How to talk to kids about politics


Like so many LGBT parents, my wife Tracie and I are raising our kids in the cross-hairs of a cultural war. Our oldest son, B-Man, was conceived on the day that San Francisco Mayor Gavin Newsom officiated the wedding of long-time lesbian activists Del Martin and Phyllis Lyon, sparking an international marriage equality firestorm. Our youngest son, K-bird, was barely taller than his homemade “Support Our Family” sign when he stood on a street corner in our San Francisco Bay Area suburb, shouting “Vote no on Prop 8!” Though we have always made it clear to our kiddos that their participation in political activities is optional, these dudes unfailingly opt in.

Child protesting Prop 8As a result, in my life as a parent, politics have been a constant companion, like a cat performing figure-eights between my feet as I scramble around the kitchen, trying to put dinner on the table. So you might think I’d know something about talking to kids about politics. After all, in my sons’ short lives, I have fielded countless questions like “Why would people vote yes on Prop 8?” and “If Prop 8 is unfair, why did it win?” And sure, I’ve figured out some basic ground rules for these sorts of conversations:

1) Tell the truth in kid-friendly language.

Okay, so I’ve figured out one ground rule. But ultimately in this, as in all things parenting, I’m really just making it up as I go along.

So the other day, when my now eight-year-old son, B-man, asked me, with a barely detectable tremor in his voice, “Mommy, what will happen if Romney wins?” Per usual, I had no idea what to say.

I did, however, have some idea what not to say, like for instance, the first words that popped into my head: All hell will break loose. Nope. No good. Keep looking.

Here’s what I do know about my kids: When they are asking questions about change, no matter if they’re asking what it will be like at that vacation house we rented for a week, or what it will be like if a gay-hater who courted the Tea Party to become the republican presidential nominee becomes president, what they’re really asking is this: Am I going to be safe?

When contemplating a Romney (forgive the parenthetical statement here, but I can’t stand to type these two words next to each other) presidency, at least from an adult perspective, “Am I going to be safe?” is a complex question. Will we be safe if this guy takes over international relations? Will we be safe if he’s our frontrunner on domestic social issues? Will we be safe if he employs the exact economic tactics that created this country’s current financial mess? Hmm …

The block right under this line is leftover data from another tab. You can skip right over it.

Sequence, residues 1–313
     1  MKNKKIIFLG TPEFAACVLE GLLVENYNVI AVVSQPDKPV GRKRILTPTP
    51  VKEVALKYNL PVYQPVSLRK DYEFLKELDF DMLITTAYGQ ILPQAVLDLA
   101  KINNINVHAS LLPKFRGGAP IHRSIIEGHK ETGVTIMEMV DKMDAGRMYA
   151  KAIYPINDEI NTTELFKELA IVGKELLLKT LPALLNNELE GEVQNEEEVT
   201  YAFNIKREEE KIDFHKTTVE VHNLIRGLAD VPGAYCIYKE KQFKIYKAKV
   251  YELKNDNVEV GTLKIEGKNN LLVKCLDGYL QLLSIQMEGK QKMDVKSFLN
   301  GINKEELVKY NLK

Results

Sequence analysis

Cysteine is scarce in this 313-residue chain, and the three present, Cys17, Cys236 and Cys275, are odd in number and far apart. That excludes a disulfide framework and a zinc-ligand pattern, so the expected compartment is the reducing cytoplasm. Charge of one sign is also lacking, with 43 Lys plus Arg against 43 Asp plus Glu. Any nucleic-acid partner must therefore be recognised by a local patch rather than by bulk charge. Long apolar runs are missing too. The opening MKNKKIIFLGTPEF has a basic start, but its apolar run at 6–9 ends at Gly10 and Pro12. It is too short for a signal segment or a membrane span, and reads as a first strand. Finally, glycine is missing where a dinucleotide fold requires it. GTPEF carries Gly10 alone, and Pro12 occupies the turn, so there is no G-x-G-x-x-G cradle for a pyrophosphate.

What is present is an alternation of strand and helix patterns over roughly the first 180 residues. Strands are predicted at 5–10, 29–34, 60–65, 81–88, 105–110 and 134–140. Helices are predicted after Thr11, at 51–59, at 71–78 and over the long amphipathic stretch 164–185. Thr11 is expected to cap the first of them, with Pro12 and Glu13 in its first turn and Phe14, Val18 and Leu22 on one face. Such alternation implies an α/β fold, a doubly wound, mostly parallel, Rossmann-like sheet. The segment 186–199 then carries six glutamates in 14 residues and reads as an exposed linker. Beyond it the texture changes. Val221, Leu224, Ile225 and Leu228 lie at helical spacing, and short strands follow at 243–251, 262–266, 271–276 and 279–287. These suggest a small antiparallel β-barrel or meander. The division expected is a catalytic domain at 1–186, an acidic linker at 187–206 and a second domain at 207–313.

But from a kid perspective “Am I safe?” means stuff like, “Will you and Mama still be here to make my oatmeal in the morning?” Or “Will we still have oatmeal?” Or “Will we still be allowed to be a family?”

So I answer the question this way: I look deep into my kiddo’s ocean blue eyes and say, “If Romney wins,” I can hardly utter the words, “nothing in our house will change.”

And even as I’m saying it, I realize this is not so much a true statement as it is a vow to my child.

In truth, if, you know, that thing were to happen, lots would change. Women, immigrants, LGBT folks, the nation’s economically challenged, the middle class, and citizens who would be impacted by any potential foreign policy fall-out (read: all of us) would face anxiety-producing uncertainties. But no matter what’s happening in our country or in my own psyche, I need to make sure that any anxiety I might feel does not trickle down to my children. No matter who lives in the White House, I will muster the kind of constancy, confidence, optimism, and family pride that builds a solid foundation for children.

But at the same time that I make that vow of constancy, I want to make sure that my kiddo knows that it really does matter who wins the presidency. “Pffft, no big deal” is a lie. And I don’t want to lie to my kid.

So I feed my brain’s adult data on the candidates into the kid-language translator, and it comes out this way:

“Different politicians think differently about how our government should make and spend money. They think differently about how our government should support people who need help. They think differently about how our country should communicate with other countries. They think differently about who should have what rights.”

“Yeah,” B-man chimes in, speaking like the pint-sized civil rights warrior he is, “like Romney would have voted yes on Prop 8.”

“Right,” I say. “And the w

ay President Obama thinks very closely matches the way I think and the way Mama thinks. So we’re voting for him.”

“And the way Romney thinks doesn’t match.”

Cheryl Dumesnil and family

Cheryl Dumesnil and family

“Right,” I say. “And if Obama is no longer our president, things in our government and our country will change. But in this house, we are a family, and we love each other, and we are sticking together, and no matter who is president, that will never change.”


Poet, writer, activist, and educator, Cheryl Dumesnil is the author of the forthcoming memoir “Love Song for Baby X: How I Stayed (Almost) Sane on the Rocky Road to Parenthood.” She spends her free time jumping on a trampoline and telling potty jokes, because the sound of her kids’ laughter makes her really, really happy.

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